The German film Ich und Kaminski (Me and Kaminski) opened Alexandria’s Goethe Film Week on 2 May at the Goethe Institute.
Directed by Wolfgang Becker, the film is based on the 2003 book by Austrian-German writer Daniel Kehlmann, starring German actor Daniel Brühl in the role of arts journalist Sebastian Zöllner and Danish actor Jesper Christensen, a veteran of European cinema, as the once-famous blind artist Manuel Kaminski.
The film follows Zollner as he sets off to write the biography of the ageing artist, secretly betting on his imminent death to boost the book’s popularity and give him his big break.
When Zollner’s investigations uncover the address of Kaminski’s old lover and muse Therese, who was long believed to be dead, they embark on a perspective-altering journey.
The lives of both the artist and biographer are interwoven as they develop in parallel, both experiencing heartbreak, and reckoning with their pasts -- at one point in the film Kaminski says he feels they've walked into Zollner's past rather than his own -- and eventually finding some closure.
The story is told to us in eight chapters, as if we are reading the book Zollner writes at the end, and a reference to the original book on which the film is based.
Although Manuel Kaminski is a fictional artist, the film makes it easy to forget, especially in the prologue which presents media coverage on the artist’s death, complete with footage of other famous actors and artists who knew him.
Art is not only the main subject of the film but it is also in the editing, as scenes artistically morph into paintings, and vice versa, as a transition from one scene or chapter to the next.
A warm colour palette runs throughout the film, taking us from beautiful German landscapes to galleries, art-filled homes, and even cheap hotels that are picturesque.
Even though viewers already know the fate of both characters, we are still on edge with a sense that their adventure could turn into disaster at any moment.
What Zollner will mess up next? How would Kaminski react to that? What happens if they do meet Therese?
At first the clumsy, anxious Zollner seems uninterested in truly learning anything about Kaminski as a person, beyond finding a catchy scoop for his book.
We may find ourselves experiencing a similar change as Zollner does, starting off with one goal in mind, and ending up being far more enriched by the journey itself.
Instead of wondering how Kaminski dies, we are more emotionally invested in what he has to say next, what his views are.
Humour, absurdity, wisdom, and a gentle dose of suspense are present throughout Me and Kaminski, and in fact the film was chosen to open the film week because of its lighthearted quality.
“I thought it was the best mood to start with, while most of the other films were very serious and dramatic,” Yousra El-Mallah, programme assistant at the Goethe Institute in Alexandria which organises the film week, told Ahram Online.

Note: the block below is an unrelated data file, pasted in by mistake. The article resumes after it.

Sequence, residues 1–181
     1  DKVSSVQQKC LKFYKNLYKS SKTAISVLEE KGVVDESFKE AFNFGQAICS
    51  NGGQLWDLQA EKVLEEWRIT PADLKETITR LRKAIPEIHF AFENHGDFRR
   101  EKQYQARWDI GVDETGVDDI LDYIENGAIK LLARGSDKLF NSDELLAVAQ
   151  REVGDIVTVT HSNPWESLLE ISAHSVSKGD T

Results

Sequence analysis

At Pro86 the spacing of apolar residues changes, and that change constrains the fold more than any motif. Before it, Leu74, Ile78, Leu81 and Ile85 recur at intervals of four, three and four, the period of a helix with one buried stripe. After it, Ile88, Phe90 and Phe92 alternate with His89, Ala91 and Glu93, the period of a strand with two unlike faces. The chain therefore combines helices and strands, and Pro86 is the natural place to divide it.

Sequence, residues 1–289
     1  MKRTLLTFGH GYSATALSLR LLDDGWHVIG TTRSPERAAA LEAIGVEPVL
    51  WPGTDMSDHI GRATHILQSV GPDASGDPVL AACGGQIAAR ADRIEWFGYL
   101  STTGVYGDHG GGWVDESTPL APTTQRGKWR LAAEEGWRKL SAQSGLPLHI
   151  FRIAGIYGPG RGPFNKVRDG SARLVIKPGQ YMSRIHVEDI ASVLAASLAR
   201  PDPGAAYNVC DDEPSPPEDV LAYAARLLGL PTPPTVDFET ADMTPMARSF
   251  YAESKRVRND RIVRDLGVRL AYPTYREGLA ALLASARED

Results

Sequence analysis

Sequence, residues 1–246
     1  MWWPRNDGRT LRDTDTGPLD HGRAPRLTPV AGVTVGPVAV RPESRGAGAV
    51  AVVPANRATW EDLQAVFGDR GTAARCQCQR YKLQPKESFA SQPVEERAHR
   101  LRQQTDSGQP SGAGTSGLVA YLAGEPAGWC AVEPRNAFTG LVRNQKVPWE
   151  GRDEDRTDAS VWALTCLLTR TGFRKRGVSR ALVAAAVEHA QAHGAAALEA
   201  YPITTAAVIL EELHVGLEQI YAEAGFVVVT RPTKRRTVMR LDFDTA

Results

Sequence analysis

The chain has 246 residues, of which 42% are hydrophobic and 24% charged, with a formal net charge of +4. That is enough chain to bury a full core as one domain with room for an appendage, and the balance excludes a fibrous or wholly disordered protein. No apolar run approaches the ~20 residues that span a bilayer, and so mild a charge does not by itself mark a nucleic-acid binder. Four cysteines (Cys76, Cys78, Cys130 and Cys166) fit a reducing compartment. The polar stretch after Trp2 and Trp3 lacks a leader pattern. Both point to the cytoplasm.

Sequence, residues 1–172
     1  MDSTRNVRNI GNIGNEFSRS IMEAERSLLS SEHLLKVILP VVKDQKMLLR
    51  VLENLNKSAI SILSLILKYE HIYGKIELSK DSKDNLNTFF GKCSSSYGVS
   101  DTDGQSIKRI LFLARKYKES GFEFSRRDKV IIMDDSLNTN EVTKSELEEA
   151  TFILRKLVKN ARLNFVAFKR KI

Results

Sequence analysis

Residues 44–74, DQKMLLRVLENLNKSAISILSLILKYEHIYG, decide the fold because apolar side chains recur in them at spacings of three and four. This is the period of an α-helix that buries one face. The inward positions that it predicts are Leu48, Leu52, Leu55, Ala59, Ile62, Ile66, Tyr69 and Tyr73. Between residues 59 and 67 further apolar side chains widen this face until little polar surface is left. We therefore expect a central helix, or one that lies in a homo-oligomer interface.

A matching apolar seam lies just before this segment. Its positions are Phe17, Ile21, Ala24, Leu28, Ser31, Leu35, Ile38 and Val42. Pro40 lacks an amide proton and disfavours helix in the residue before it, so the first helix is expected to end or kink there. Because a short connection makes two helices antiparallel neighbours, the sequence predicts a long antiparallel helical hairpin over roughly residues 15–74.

After Me and Kaminski the Egyptian film One Plus One Makes a Pharoah’s Chocolate Cake was screened, followed by a discussion with directors Marouan Omara and Islam Kamal, who is Alexandrian.
“I also wanted to start off the festival with an Alexandrian film; it’s very popular around Alex,” said El-Mallah.
Usually daily screenings include one German film and one Egyptian film, as part of the film week’s purpose is to acquaint audiences will German films and culture, in addition to promoting Egyptian films.
Variety and steering away from stereotypes were kept in mind during the selection process, according to El-Mallah.
“I didn’t want us to screen another World War film, and the things we are used to seeing about Germany. We’ve seen enough of that. I wanted things that were new, and different, and I think the other films we have in the programme are not about Germany as we know it, but offer that fresh perspective,” she said.
One example is the film Overgames, a documentary centred on a 1960s West German reality show titled Nur Nicht Nervös Warden (Don’t Get Nervous), looking at how it affected and influenced the psychology of society in Germany.
Other German films at the festival include We Were Rebels, Four Kings, and 24 Weeks.
“The film selection is primarily done in the Cairo branch, but we also participate and look at what films we want to have screened here or suggest others,” said El-Mallah.
There is no particular theme or criteria for the film selection, except for being German films, or premiers of Egyptian productions that are connected to Germany in some way, such as participation in a German film festival, like the Berlinale Forum Expanded or Dok Leipzig.
Since the film week will take place in several cities, starting with Cairo (from 2 to 9 May) and Alexandria (from 2 to 6 May), some of the selections including Me and Kaminski are exclusive to the Alexandria programme, while others are screened in both or all cities.
Goethe Film Week extends beyond May to be held in Minya, Damanhour and Ismailiya in June, as well as Aswan in September.
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